at points H H, as shown in This manner of construction causes the loop naturally to assume somewhat the shsps ot u heart, as shown in Figs/l, 2, 3, 4:, 5', s, and. 7, said loop B B crossing legs A A. at o suit-- able distance below arch K to allow the heir to glide up into the arch K between the loop or hoo'o B B and the legs, ssicl loop losing i'ornie preferably, of spring-wire, while ollowing hair to pass beyond it into the arch K. The loop is sulliciently compressed against the legs A A to secure a firm hold. upon the hziir when inserted therein, thereby preventin the pin from becoming accidentally (lislo god and consequently lost.

in Figs. 7, 8, and 4, of which Fig. 7 a back view of Fig. l, the loop 13 B lollows the course of the legs A A for it short distance at the point H E, where said loop crosses said legs. In Figs. 4t and 7, of which 7 is a. hook view of Fig. 4, the legs A A are waved nearly their entire length. Loop B B is constructed to form by its outline the conventional form of a heart and follows for a. shortclistsnce one of the waves inthe legs A A, as shown at point H H and. as shown more clearly in 7, the legs meeting ltt D to form the K, as shown, bound, together by s stri 3 metal or other material. In Fig. 8 the leg A. A are bound together by soldering point ll, where said legs meet, thereby preventing the hair escaping into the loop or securing portion ol the pin. The hoop or loop E l? in this ligure is mode to describe son'iewhot the outline. of o clover-leaf.

The herein-described huir-pin in its form ol. construction is also adopted. to receive a ribbon how or other ornamentstion, as shown in Figs. 5 oiul 6. In Fig. 5 is shown-the end of the ribbon ll and. manner in which some is I passed reorword through opening G- snd. ca-cl: again through the adjoining opening G The rih hon is then drawn through opening un ,til the middle portion of ribbon lit is opposite Q erases I the double or twisted wire at point 1), then tied thereto in abow, showninl ig. (5. Thus the bow cannot accidentallybecome detached therefrom and consequently lost. The hairin being at the same time secured in the hair y its loop portion cannot become unintentionally dislodged therefrom and lost.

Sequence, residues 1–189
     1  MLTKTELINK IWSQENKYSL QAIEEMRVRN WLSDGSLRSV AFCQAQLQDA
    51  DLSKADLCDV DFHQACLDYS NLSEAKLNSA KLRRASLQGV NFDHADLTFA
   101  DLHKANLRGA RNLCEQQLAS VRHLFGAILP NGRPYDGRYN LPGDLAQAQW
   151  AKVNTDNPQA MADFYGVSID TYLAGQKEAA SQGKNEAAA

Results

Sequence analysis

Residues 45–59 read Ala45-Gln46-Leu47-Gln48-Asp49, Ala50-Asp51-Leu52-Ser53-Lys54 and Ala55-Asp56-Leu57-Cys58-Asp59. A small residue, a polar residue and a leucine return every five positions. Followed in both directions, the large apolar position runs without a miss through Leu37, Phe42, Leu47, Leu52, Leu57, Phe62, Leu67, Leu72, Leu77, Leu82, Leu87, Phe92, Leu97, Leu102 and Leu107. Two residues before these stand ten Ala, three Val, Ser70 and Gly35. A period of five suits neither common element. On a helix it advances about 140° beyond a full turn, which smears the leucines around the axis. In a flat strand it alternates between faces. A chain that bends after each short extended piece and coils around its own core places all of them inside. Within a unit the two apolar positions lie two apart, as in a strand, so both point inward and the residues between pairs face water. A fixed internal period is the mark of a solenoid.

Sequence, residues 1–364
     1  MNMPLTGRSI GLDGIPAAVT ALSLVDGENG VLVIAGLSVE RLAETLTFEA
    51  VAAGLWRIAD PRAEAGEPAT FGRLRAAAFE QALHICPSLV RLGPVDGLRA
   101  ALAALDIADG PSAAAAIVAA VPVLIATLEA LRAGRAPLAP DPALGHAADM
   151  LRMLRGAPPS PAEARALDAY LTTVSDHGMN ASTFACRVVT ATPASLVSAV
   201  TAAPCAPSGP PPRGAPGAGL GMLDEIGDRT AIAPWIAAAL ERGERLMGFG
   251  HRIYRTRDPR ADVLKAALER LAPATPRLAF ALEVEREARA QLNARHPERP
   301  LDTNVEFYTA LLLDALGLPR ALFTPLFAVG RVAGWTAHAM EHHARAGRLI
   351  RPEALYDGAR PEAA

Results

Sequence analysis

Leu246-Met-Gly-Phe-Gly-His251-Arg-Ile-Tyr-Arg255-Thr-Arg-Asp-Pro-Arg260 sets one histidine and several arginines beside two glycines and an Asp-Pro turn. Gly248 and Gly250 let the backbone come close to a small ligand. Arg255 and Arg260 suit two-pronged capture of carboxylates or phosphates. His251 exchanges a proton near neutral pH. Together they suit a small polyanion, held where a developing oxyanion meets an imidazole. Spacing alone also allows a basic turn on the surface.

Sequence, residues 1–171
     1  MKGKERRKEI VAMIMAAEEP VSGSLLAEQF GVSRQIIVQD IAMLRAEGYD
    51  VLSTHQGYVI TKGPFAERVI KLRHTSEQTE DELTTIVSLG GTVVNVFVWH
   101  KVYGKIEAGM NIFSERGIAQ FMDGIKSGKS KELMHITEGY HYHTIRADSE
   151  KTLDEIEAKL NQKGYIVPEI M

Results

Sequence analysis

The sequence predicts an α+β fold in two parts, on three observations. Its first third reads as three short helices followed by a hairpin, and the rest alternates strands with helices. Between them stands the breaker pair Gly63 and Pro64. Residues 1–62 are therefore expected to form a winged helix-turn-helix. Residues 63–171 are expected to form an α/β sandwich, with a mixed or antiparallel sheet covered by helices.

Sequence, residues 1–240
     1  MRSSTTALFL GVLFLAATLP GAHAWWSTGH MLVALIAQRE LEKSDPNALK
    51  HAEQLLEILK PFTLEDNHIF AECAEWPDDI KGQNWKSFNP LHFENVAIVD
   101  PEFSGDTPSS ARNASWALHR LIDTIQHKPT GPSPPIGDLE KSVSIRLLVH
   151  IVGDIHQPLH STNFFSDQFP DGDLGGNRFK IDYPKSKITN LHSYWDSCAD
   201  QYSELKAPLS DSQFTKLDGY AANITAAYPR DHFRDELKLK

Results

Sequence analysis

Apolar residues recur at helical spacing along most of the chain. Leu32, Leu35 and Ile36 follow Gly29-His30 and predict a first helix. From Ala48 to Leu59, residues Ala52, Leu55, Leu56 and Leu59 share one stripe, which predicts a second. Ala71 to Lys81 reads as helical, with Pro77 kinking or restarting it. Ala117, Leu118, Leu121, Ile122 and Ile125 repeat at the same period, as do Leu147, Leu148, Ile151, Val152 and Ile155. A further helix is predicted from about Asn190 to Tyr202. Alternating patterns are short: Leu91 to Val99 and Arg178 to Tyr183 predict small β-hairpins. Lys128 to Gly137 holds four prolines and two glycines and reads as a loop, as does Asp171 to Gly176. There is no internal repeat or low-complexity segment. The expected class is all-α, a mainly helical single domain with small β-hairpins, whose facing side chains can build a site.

-While for convenience l have several times characterized the material used in the conc structlon or the herein-described halr-pln as a piece of wire, I intend that term to cover any suitable material, such as rubber,'cellu-- loid, aluminium, shell, or other material,,

the loop or hoop B B, as shown herein, realizing that other outlines than those shown and described might be employed and yet be within. the scopeof my invention.

'lheretore what I claim as new, andwish to secure by Letters Patent, isl A hair-pin formed of a single piece of wire bent intermediate its ends to form two legs said legs being connected together below the bend the loop above the connected ends ofthe legs bulging outwardly and bent downwardly into proximity to the legs of the pin whereby two openings are formed at the top of the hair-pin for the reception of aribbon bow.

In testimony whereof I have signed my name to this specification, in the presence of two subscribing witnesses, this 15th day of July, 1905.

FLORENCE E. REGAN. Witnesses:

Enrrn M. Gummy, lEnMAN F. KUPFER.

Referenced by
Citing PatentFiling datePublication dateApplicantTitle
US2473186 *May 18, 1946Jun 14, 1949Alma WittmanHair curl holder pin
US5441061 *Feb 3, 1994Aug 15, 1995The Topsytail CompanyInterchangeable decorative ornament and method
US5524651 *Nov 8, 1994Jun 11, 1996The Topsytail CompanyInterchangeable decorative ornament and method
US5634479 *May 12, 1995Jun 3, 1997The Topsytail CompanyInterchangeable decorative ornament and method
Classifications
Cooperative ClassificationA45D8/00